My MDF sheets for the silencers are arriving Monday. Then I can get building the outer leaf ones so they're ready for me to install when I start fixing the outer leaf ceiling OSB layer. (So many tasks are inter connected in studio design, I'm really glad I had my entire design pretty much compete before starting it.)
It's going well. Only a few mistakes so far, and they've not cost me heavily, just a few extra days work rectifying.

Pics to follow when silencers are built (I might take some pics of the build to show inside 8) )

Thanks,
Dan


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PostPosted: Wed Mar 28, 2018 8:11 am 
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Location: Surfleet, UK
Ok so I've fitted my extraction fan and intake duct in the roof void ready to connect up to my silencers.
The intake filter can be replaced and fan accessed for maintenance and cleaning by a removable piece of fascia next to each exterior louvre.
So the Intake has a filter before the silencer, and extract will have a filter in the ceiling diffuser inside the room to block dust etc. entering the extract silencer and fan.

I've also started building the first silencer box. Woop woop!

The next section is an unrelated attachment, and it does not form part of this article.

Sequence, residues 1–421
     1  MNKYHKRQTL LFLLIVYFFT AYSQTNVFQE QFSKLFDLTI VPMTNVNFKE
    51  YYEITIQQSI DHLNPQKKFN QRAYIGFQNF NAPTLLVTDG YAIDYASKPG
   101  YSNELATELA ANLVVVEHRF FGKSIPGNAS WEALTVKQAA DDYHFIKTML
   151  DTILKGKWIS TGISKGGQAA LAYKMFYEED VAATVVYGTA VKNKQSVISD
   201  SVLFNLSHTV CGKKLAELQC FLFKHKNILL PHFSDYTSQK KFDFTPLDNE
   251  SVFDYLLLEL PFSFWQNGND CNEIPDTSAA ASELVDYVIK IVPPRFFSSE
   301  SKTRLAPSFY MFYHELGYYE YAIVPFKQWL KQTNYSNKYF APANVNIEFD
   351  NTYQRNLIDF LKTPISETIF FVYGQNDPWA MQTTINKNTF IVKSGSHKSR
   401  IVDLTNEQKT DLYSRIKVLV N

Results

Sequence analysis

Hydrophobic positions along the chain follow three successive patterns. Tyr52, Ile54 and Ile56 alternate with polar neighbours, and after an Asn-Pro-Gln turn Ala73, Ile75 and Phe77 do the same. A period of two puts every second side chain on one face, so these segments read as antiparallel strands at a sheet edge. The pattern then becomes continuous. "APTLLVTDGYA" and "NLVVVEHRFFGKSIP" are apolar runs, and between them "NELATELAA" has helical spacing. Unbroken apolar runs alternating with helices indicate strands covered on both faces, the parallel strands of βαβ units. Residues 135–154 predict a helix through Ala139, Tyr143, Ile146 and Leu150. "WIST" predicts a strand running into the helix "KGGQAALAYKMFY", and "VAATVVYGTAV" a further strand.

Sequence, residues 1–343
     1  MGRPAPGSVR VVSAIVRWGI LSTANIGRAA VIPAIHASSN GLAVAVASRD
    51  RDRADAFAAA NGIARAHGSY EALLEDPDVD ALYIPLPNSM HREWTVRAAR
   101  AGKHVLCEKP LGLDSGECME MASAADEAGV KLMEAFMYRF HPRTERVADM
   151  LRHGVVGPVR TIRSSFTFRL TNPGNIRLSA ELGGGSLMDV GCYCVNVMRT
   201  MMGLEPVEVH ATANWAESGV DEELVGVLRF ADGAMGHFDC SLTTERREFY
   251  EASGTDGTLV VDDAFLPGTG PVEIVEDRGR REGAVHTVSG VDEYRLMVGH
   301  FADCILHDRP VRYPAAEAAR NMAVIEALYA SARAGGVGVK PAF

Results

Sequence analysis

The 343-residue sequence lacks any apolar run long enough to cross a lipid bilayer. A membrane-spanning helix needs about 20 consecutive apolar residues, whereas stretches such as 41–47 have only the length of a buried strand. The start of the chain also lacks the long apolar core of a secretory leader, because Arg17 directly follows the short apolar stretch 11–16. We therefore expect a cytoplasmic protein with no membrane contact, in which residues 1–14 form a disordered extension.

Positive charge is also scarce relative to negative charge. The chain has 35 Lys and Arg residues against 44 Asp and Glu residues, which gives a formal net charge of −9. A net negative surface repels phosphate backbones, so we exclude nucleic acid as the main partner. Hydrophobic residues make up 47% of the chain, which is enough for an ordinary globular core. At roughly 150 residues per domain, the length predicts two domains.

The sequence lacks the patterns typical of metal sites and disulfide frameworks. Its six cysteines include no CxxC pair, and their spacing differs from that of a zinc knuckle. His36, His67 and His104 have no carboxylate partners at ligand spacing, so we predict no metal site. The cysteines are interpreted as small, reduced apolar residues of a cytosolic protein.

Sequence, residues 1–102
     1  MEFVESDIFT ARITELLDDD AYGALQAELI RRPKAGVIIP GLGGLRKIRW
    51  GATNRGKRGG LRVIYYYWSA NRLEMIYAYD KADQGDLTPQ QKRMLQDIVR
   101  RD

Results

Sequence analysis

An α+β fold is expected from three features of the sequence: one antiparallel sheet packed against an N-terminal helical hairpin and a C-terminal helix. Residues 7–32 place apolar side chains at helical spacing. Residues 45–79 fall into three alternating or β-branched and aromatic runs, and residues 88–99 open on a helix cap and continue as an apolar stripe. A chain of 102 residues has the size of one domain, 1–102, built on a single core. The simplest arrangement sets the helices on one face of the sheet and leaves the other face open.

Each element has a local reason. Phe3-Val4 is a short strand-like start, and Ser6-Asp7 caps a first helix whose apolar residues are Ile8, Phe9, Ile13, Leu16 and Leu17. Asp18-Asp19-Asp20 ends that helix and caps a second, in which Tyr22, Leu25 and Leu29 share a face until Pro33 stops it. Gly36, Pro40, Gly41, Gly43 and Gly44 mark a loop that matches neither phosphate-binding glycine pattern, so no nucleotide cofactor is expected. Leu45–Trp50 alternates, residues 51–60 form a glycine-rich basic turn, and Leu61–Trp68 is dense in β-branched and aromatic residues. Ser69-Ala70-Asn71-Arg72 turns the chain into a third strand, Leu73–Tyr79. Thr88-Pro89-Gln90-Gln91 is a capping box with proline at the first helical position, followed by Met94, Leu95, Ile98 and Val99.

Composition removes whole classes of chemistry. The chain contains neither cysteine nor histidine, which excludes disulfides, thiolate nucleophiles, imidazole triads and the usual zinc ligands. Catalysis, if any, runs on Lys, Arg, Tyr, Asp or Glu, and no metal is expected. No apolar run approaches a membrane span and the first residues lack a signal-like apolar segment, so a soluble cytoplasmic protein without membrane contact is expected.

Attachment:
fan in roof void.jpg

Attachment:
filter box in roof void-888x522.jpg

Attachment:
filter box from below.jpg

Attachment:
extract weather louvre from outside.jpg

Attachment:
intake weather louvre from outside.jpg

Attachment:
starting silencer a-847x560.jpg


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PostPosted: Sat Mar 31, 2018 8:02 am 
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Take more pics and post more often. We all love seeing progress in detail!

Greg

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PostPosted: Mon Apr 09, 2018 8:19 am 
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Ok so silencer build pics. Still part through so will add more later.

Attachment:
silencer pieces cut-1156x623.jpg

Attachment:
sides fitted-724x1149.jpg

Attachment:
checking the lid fits-704x1045.jpg

Attachment:
drilling the inlet hole-714x970.jpg